Lou Gehrig Retires

June 21, 2016 at 12:01 am | Posted in Today's Reasons To Celebrate | Leave a comment

Good morning baseball fans.  Today is Tuesday, June 21st. The holidays today are:

Lou Gehrig Retires

On this date in 1939, Lou Gehrig announced that he had Amyotrophic Lateral Sclerosis (ALS) and would retire from the New York Yankees effective immediately. Although he spent most of his illustrious career in the shadow of Babe Ruth, he managed to put together quite a number of records including playing in 2130 consecutive games (which was only curtailed by his retirement, and stood for over 56 years when Cal Ripkin Jr. broke it in September of 1995). He held the record for most career “grand slams” (23) for over 74 years until it was broken by Alex Rodriguez in September of 2013. He had a lifetime batting average of .340, a lifetime “on-base percentage” of .447, and a lifetime “slugging” percentage of .632. He was nicknamed “The Iron Horse” because of his stamina. He was truly one of the greatest players to ever play the game.
He succumbed to his illness on June 2, 1941.

Baby Boomers Recognition Day 

A “baby boomer” is someone who was part of the baby boom created when soldiers returned from WWII.  To qualify as a “baby boomer”, you have to have been born between 1946 and 1964.
Baby boomers have witnessed a significant number of historical events. Baby boomers saw the transition from radio to television, and went from vinyl records to 8-track tapes, to cassettes, to CDs, to MP3’s and now “streaming” music. They were around for the dawn of the ‘computer age’. They saw the first man go into space, saw man’s first walk on the moon, and a permanent space station orbiting the Earth. They survived the Korean War, Viet Nam, the Civil Rights protests, student unrest, Woodstock, and the Watergate scandal — And I have just scratched the surface. They are now rapidly approaching retirement age or are already retired. Baby Boomer Recognition Day is a holiday to recognize the many accomplishments and contributions to society that “baby boomers” have made.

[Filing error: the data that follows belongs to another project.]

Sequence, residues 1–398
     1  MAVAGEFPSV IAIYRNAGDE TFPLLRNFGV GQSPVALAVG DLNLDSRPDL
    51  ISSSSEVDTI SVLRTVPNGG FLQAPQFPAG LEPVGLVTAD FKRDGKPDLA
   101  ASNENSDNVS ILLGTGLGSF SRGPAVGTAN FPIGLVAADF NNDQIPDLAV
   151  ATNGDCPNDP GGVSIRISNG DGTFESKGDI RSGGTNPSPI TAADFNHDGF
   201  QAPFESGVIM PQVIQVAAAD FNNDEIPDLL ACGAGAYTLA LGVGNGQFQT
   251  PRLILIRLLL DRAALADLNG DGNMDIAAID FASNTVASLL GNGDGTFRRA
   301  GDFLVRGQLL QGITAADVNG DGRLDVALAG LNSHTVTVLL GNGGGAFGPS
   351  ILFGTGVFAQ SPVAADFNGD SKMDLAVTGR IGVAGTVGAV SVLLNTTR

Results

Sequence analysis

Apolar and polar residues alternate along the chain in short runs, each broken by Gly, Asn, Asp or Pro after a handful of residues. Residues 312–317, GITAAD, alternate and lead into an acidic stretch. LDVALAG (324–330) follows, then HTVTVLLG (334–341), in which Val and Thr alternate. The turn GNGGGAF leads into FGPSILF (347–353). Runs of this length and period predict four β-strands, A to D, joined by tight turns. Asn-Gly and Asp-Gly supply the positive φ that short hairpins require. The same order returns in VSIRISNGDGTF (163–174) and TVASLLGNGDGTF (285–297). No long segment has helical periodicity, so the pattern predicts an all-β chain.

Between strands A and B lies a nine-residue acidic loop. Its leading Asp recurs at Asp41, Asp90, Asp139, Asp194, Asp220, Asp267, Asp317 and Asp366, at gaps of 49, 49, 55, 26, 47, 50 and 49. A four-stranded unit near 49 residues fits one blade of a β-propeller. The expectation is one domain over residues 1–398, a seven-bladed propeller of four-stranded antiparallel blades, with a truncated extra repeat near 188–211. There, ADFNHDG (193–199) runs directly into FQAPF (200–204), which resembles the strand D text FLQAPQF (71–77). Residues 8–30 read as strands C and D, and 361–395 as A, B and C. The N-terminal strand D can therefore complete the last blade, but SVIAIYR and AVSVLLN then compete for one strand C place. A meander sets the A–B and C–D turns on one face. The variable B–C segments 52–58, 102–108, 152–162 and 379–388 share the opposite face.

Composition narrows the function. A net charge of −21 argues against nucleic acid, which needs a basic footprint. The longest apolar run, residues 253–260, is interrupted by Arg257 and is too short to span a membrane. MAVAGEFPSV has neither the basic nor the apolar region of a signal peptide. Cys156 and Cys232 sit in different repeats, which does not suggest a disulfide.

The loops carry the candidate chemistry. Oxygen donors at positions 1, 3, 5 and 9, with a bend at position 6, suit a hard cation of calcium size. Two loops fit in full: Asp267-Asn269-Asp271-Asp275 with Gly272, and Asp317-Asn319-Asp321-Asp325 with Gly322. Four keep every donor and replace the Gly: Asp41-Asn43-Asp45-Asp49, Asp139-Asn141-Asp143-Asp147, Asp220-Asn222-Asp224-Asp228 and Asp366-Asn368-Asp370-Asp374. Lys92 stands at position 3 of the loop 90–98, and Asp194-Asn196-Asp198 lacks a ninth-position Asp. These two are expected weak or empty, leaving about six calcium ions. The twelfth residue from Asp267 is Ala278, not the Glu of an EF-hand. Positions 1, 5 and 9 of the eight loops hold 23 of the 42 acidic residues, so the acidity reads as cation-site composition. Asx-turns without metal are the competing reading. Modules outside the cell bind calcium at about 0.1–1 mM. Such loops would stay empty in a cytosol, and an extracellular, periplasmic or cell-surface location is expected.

Go Skateboarding Day 

Go Skateboarding Day encourages skateboarders around the globe celebrate the pure exhilaration and spirit of skateboarding, even if it means blowing off all other obligations. This holiday began June 21, 2003, as an excuse for skateboarders to make skateboarding their top priority. It began with a few simple skate sessions and barbecues held in skateboarding’s unofficial capital, southern California. Since that first celebration, this holiday has continued to grow, but the mission remains the same — Have fun.
Skateboarding originated in the 1940s. According to an urban legend, the idea came from surfers in California who wanted something to “surf” while the water was flat. Today, people all around the world enjoy this recreational action sport, but California remains the epicenter of the skateboard community.